Bryan-Brown, Joan Marcus, AP Photo/Boneau
NEW YORK — When the Broadway season began last year, a big brash musical about Spider-Man was supposed to muscle its way to multiple Tony Award nominations. Instead, a pair of goofy Mormons may be the ones to beat.
"The Book of Mormon" has been a critical and box-office darling even without big-name stars and Tuesday's Tony Award nominations could give it an extra boost: official endorsement from the theatrical community. Not bad for a show in which a man loudly complains about having maggots in his scrotum.
The musical, about two Mormon missionaries who find more than they bargained for in Africa, was written by Trey Parker and Matt Stone, the creators of "South Park," and Robert Lopez, co-creator of the Tony Award-winning musical "Avenue Q." The trio teamed up with Casey Nicholaw, who co-directed with Parker and choreographed.
It has received 12 Drama Desk Award nominations, six Outer Critics Circle Award nominations and a Fred & Adele Astaire Award nomination, which recognizes excellence in dance. The musical is also grossing more than $1 million a week and is selling out — the place "Spider-Man: Turn Off the Dark" was supposed to be before its implosion.
On the play front, two front-runners for Tony nominations are the heartwarming human-puppet hybrid "War Horse" and David Lindsay-Abaire's "Good People," a darkly comical exploration of class differences in Boston. While "War Horse" is a visually stunning and gorgeously realized story about a boy and his horse during World War I, it is based on a children's book; Lindsay-Abaire's play, on the other hand, leaves all the fireworks in its smart, adult script.
"The Book of Mormon" and "War Horse" are just two bona fide hits in a complex season that has seen everything from a well-regarded revival of Shakespeare's "The Merchant of Venice" to a raw new play whose title — "The Motherf---- With the Hat" — made some squeamish. It's also a season in which football fans came to see Vince Lombardi prowling a Broadway stage and cheered James Earl Jones behind the wheel in a revival of "Driving Miss Daisy."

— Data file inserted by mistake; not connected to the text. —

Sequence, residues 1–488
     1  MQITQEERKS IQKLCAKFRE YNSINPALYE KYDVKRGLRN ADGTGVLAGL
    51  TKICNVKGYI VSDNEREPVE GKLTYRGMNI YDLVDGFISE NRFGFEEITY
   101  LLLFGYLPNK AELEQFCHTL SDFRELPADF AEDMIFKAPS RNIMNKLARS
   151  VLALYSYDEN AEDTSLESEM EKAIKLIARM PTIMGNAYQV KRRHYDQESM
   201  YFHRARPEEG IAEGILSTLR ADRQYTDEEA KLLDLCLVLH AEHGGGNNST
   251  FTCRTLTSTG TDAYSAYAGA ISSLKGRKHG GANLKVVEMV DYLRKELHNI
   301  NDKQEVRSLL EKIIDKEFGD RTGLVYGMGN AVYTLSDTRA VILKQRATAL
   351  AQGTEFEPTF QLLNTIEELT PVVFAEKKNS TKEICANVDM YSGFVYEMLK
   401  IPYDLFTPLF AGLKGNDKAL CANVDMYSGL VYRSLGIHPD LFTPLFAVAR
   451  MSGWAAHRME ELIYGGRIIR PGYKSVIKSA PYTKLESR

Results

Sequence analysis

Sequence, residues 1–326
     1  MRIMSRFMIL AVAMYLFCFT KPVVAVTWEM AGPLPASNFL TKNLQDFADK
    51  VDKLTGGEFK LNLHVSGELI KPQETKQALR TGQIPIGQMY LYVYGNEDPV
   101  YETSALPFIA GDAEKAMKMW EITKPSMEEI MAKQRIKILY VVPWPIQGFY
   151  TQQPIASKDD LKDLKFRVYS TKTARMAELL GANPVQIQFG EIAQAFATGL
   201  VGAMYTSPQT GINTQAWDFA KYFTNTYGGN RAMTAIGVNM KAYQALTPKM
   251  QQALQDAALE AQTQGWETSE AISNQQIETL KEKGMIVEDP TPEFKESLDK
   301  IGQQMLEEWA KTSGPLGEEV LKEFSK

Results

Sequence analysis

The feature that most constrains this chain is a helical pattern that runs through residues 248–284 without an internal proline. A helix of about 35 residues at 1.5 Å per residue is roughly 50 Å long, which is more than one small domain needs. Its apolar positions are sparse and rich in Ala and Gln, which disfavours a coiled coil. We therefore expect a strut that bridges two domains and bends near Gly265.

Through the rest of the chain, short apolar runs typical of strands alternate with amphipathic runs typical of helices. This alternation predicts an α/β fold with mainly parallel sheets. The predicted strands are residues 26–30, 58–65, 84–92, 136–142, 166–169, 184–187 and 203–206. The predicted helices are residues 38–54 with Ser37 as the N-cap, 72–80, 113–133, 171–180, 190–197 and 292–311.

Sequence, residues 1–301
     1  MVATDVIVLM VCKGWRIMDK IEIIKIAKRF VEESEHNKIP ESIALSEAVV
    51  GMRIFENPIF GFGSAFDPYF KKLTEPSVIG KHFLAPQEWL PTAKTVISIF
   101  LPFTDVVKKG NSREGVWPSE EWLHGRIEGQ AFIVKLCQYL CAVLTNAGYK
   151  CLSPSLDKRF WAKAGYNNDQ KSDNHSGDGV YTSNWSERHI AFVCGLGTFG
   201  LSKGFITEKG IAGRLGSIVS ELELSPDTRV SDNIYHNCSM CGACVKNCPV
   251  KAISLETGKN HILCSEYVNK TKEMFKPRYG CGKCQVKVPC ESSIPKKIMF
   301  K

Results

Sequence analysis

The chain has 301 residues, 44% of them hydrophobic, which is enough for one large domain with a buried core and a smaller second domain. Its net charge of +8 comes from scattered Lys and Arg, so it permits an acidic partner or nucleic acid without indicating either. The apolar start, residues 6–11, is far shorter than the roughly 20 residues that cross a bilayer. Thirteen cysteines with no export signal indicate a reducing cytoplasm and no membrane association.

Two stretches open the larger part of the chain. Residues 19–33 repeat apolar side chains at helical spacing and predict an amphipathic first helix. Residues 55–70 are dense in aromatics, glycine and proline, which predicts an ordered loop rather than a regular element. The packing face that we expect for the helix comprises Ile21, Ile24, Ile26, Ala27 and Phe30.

"There's absolutely nothing cookie-cutter about this season," said Charlotte St. Martin, executive director of the Broadway League, which jointly produces the Tony awards with the American Theatre Wing. "The theme is that there is no theme."
Of the 42 new productions this season, there were 14 musicals — 12 new ones and two revivals — and 25 plays, a whopping 16 of them brand new. The last time there were 16 new plays produced in a single season was 1986-87.
It is also shaping up to be a lucrative time for Broadway, with total box-office grosses already at more than $987,057,484, or 3.6 percent more than the same time last year. Attendance this season is at over 11.4 million, up 3 percent from this time last year.
The awards will be handed out June 12 at a new location: the Beacon Theatre on the Upper West Side of Manhattan after producers lost their long-term space at Radio City Music Hall. It will be broadcast live by CBS.
"The Book of Mormon" will likely have competition from a trio of musicals that have movies in their DNA — "Catch Me If You Can," ''Priscilla Queen of the Desert: The Musical" and "Sister Act." Will there be spots for "Elf" or "The Scottsboro Boys" or "Bloody Bloody Andrew Jackson"?
The best play category is a rich one. In addition to "War Horse" and "Good People," other possible nominations may go to Rajiv Joseph's "Bengal Tiger at the Baghdad Zoo," Jez Butterworth's "Jerusalem" and Stephen Adly Guirgis' "The Motherf---- With the Hat." With the category limited to four plays, at least one playwright will be disappointed.
Some of the potential candidates for best actor nominations in a play include Mark Rylance and Mark Rylance. The English actor gave two stunning performances this season, including a 20-minute soliloquy in the short-lived "La Bete." He then returned to Broadway and even more cheers for "Jerusalem."
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